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There is a small project assigned for this lecture.
I. We have seen how a few principles could allow us to deduce history from geometry, fossils, and radiometric dates; how evolution works, and how we can assess the relationships of organisms.
II. So, we see that organisms have evolved and diversified and that indeed produces the order in the fossil record, which we can use to deduce relative time.
Much of the rest of the course will deal with the relationships of organisms, notably dinosaurs.III. Lets look at the earth. What we see is a function of life itself - maintaining the atmosphere and regulating Earth's temperature, even the color. How does that happen?
But organisms also interact with each other and with their surrounding environment. This aspect, which is ecology, has a very special set of effects.
|What special properties does life have?
1. Life is active chemical system separated from its surroundings and out of chemical equilibrium with its surroundings. Chemical equilibrium = death.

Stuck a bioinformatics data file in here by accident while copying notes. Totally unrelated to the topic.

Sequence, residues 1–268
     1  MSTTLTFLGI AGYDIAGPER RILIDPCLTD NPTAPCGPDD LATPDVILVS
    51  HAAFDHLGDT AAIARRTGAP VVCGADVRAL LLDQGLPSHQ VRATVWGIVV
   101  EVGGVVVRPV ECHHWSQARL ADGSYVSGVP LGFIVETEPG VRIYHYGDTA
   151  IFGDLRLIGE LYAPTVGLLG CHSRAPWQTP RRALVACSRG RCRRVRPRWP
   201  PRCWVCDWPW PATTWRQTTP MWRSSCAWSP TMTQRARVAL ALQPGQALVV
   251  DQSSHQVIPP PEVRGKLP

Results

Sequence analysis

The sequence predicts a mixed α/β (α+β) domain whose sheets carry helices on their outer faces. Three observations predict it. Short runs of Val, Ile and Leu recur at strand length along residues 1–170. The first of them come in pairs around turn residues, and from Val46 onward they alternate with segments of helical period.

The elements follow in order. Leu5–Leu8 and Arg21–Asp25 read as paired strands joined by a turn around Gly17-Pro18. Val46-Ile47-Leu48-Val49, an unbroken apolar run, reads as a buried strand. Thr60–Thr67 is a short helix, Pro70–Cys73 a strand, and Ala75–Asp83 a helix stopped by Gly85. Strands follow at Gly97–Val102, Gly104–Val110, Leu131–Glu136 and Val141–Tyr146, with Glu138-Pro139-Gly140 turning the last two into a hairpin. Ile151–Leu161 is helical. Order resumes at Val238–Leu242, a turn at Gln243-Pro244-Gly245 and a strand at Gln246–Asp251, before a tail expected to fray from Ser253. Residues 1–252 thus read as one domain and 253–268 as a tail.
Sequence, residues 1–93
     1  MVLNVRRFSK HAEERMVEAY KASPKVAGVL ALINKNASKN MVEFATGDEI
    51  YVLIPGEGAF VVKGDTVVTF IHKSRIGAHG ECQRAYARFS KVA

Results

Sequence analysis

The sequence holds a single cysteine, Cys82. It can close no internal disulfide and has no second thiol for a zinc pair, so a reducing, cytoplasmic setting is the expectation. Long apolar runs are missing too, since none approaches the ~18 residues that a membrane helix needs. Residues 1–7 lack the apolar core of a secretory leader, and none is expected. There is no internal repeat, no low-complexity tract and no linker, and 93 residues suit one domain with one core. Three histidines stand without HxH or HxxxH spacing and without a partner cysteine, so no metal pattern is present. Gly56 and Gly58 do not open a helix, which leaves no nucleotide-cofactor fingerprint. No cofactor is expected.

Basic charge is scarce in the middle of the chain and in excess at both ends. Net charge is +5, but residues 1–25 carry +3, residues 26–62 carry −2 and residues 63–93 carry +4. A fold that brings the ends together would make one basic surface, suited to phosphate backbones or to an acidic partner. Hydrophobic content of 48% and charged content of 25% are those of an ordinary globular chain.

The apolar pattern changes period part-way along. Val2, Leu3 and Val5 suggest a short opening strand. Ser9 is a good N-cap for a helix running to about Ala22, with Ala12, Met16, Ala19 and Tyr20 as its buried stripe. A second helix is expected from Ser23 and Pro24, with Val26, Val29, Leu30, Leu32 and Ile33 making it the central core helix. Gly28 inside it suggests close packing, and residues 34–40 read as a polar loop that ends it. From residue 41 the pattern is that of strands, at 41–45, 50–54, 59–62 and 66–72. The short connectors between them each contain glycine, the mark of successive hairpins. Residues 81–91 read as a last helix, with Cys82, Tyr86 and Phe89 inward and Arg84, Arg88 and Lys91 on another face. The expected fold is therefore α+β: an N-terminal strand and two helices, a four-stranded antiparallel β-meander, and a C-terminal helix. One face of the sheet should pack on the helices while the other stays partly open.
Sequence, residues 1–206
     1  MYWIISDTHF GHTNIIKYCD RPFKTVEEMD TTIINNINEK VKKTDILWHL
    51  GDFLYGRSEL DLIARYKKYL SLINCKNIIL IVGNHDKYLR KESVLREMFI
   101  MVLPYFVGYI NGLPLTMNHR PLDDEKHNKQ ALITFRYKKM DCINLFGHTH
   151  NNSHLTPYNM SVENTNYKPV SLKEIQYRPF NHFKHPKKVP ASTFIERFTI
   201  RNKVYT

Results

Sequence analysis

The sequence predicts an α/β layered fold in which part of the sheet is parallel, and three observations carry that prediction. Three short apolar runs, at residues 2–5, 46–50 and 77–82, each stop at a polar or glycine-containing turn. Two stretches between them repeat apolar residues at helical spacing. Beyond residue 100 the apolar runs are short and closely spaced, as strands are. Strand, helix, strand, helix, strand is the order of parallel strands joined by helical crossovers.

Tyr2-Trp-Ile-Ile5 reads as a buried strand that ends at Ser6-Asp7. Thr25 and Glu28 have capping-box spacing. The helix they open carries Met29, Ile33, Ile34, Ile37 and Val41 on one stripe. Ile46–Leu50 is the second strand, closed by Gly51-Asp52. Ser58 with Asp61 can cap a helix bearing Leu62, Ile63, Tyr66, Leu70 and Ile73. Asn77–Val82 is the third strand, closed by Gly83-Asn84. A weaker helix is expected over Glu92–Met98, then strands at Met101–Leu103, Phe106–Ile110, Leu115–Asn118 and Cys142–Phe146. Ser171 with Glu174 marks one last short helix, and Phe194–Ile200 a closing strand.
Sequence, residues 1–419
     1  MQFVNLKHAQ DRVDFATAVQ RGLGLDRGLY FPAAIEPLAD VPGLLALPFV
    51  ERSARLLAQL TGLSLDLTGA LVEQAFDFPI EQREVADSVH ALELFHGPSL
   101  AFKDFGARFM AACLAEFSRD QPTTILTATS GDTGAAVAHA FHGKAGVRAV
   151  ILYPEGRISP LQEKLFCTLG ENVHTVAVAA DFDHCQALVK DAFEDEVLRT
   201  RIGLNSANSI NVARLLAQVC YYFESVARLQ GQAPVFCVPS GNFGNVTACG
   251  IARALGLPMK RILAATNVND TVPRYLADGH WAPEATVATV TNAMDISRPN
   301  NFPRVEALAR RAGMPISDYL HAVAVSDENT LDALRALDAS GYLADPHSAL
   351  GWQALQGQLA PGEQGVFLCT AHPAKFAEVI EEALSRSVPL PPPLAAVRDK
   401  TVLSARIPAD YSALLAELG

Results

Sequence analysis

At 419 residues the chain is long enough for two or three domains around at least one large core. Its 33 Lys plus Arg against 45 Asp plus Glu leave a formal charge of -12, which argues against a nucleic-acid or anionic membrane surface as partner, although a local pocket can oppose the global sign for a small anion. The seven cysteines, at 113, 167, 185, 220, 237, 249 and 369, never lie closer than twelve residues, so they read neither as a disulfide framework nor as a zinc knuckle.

These properties of life produce the world as we now know it. As we shall see, the composition of the atmosphere, and our climate, and perhaps even the structure of the Earth's surface itself is due to life processes within the Earth System.
|V. FIRST, LET'S LOOK AGAIN AT HUTTON'S CYCLIC VIEW OF THE EARTH - Largely correct, he postulated the Rock Cycle.
This cycle produces the major rock types:
1). Sedimentary Rocks - Rocks formed from sediment, precipitation from solution, or the products of organisms. Examples: sandstone, rock salt, coal.
2). Igneous Rocks - Rocks formed from hot molten material. Examples: basalt, diabase, granite.
3). Metamorphic Rocks - Rocks formed by the profound alteration of other rocks by the effects of heat and pressure. Examples: marble, slate, schist.
VI. We now know that the reason that the rock cycle happens as a cycle - indefinitely - is because of "plate tectonics".
Plate tectonics are a consequence of the existence of large sheets or "plates" of solid rock crust, more-or-less floating on a more liquid or plastic mantle. As a consequence of deep movements within the mantle the plates move, separate from each other and crunch into each other.If we look in detail at a near-surface cross section of the Earth, we see that the crust is not everywhere of the same thickness.